Jonathan Hill is the founder of modernist type foundry, The Northern Block. The company is based in rural Northumberland and enjoys a close connection to the countryside, whilst operating globally. Their Modular studio was built in 2014 and continues to be used to unite and inspire their diverse network of designers and collaborators.
What part does your location in Northumberland play in your story?
I feel very much at home in the North East, the people and culture in Newcastle is very familiar to me as a Yorkshireman. Where we are now in Northumberland is a beautiful wilderness. You can’t fail to be inspired, from the Roman landmarks, to George Stephenson to the creative hot-bed that the Tyne Valley is today. We’re surrounded by writers, artists and small business gems like Forum Books in Corbridge.
Was there a key moment that shaped the company?
Moving to the North East was a big step, I moved from a comfortable situation, working in a range of different design disciplines. Life and work forced us to relocate and focus the company on one key thing; type design. I reconnected with a former colleague who spoke about a girl from Belarus who was doing a Masters and interested in Cyrillics. We met up and as they say, the rest is history. Mariya is a prolific talent, she would excel in any area of design. It wasn’t long before we were working globally with people like Electronic Arts.
Can you tell us about what influenced the choice for this 3rdSpace Modular studio?
I’ve always been a massive fan of both Modernism and cleverly-designed small spaces. I learned in Japan how they made so much of small spaces, better than anyone else. I love simple material palettes, minimal spaces, leaving complexity to the hidden details. This studio sometimes has up to six or seven people working in it. Our business is like a small family, people are given an equal voice but not everyone is the right fit, it doesn’t work for everyone. It has to be a real collaborative effort, there is nowhere to hide in a space like this!
What’s been the biggest change in the industry since The Northern Block began?
It was such a specialised industry, once limited to those with educations from certain institutions. Today social media has made it so much more accessible. People of all abilities can create work and show it to the world. Of course, this isn’t always a good thing but it is great to see opportunity being allowed to those who it wouldn’t have previously been possible. We can use coding now to animate type to show functionality, widths, weights – this is almost expected now. We work hard to present new typefaces to help people to imagine and create.
Which iconic font from history do you wish you had designed?
One of the typefaces I always revisit is Adrian Frutiger’s Univers, it is a reflection of modern design at its time, it doesn’t distract you from the end use – it just does it’s job well, there is so much detail that you don’t see in a font like that. It is very much in tune with our approach at The Northern Block. Mathematics play a massive role in designing in a font, but you often have to go against the rules and use your own eye and critical judgement.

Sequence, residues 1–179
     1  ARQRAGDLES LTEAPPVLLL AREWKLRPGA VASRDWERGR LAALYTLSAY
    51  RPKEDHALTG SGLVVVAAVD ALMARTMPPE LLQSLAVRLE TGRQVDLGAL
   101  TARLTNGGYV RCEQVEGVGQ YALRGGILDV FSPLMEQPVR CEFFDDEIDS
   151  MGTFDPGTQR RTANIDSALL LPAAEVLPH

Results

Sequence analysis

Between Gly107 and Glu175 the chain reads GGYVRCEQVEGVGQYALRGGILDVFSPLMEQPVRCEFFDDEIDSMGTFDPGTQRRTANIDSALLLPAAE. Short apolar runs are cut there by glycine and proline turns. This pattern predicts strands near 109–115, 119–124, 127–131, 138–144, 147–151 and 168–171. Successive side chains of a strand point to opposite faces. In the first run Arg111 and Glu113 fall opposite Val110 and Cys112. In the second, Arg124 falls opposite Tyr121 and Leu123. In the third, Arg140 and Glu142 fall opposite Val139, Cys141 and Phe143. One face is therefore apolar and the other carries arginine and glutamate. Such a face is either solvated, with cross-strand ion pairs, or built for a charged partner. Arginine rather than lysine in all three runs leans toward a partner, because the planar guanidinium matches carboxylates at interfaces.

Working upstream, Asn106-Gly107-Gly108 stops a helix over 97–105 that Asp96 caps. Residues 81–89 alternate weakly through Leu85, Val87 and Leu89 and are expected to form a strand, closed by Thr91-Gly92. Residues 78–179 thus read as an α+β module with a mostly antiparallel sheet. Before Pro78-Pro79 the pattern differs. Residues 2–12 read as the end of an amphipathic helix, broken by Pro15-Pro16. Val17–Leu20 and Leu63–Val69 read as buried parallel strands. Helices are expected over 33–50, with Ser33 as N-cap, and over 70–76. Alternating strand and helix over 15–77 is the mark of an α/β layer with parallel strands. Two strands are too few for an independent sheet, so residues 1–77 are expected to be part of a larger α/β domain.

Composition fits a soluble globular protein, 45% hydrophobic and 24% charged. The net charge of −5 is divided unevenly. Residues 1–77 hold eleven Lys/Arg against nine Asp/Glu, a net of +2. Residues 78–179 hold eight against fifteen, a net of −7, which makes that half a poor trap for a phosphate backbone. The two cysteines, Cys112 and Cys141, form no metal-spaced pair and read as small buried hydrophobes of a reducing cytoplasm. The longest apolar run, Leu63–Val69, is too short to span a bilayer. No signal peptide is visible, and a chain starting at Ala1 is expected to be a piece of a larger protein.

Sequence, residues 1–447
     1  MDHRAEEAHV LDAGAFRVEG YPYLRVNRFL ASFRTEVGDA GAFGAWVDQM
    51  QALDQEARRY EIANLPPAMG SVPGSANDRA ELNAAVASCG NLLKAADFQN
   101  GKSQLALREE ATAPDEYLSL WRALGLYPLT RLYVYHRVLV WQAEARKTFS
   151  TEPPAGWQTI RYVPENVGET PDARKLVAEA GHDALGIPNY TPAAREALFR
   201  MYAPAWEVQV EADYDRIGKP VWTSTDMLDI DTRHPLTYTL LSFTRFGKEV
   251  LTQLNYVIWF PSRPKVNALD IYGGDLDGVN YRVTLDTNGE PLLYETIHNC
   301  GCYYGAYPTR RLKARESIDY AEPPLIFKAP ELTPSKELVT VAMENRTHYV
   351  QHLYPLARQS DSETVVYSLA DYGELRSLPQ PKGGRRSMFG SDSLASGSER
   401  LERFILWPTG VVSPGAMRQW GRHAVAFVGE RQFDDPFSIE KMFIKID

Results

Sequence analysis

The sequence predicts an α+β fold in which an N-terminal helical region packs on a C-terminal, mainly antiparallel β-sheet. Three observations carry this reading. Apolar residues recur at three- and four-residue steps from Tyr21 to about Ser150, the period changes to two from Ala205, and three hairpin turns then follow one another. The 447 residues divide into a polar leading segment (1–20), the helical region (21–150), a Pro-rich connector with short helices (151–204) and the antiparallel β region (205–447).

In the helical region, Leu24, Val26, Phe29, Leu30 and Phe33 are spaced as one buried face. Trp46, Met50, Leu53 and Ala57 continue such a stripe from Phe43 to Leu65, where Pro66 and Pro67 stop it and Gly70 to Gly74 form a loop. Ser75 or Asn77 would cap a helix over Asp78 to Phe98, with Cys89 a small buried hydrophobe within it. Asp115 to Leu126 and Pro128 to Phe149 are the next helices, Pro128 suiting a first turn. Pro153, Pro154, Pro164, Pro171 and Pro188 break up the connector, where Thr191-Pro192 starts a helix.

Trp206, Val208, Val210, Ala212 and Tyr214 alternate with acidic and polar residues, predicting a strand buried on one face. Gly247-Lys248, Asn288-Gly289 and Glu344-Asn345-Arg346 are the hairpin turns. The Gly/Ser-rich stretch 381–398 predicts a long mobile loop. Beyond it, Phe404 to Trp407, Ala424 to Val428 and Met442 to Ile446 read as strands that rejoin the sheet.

What are the first steps when beginning to design a new font?
It is different each time around. Because we collaborate with a range of designers, a typeface can evolve and go in many different directions. We don’t have a set method, but rather seek openings. It’s very important to know early on what the end use will be – or if there is something existing that we can improve commercially. Each designer brings their own set of experience and influences. Mariya, for example, from a former Soviet Union background has a very unique view and embraces this alongside many modern European influences. We look for people with a broader outlook in life and design, and with a strong sense of personal initiative. Recently, we learned so much completing our first Arabic typeface, the learning curve was huge – working across cultures, but we have to move forward and push ourselves toward new challenges.
What does the future look like for type design and yourselves?
For us, we are developing variable formats, but there is still a long way to go for technology to make use of them seamlessly. It is not our core focus at this time, we will continue to try and focus on good design. Models of licensing are ever-evolving too, Adobe are the big provider in subscriptions as they can tie it in to their creative products, we are fortunate to have some of our fonts available through Adobe. There is also movement with people like Google, with a potential for high exposure. But looking ahead, type will develop according to the direction of bigger technology. It will be very interesting to see, we’re excited to be a part of it.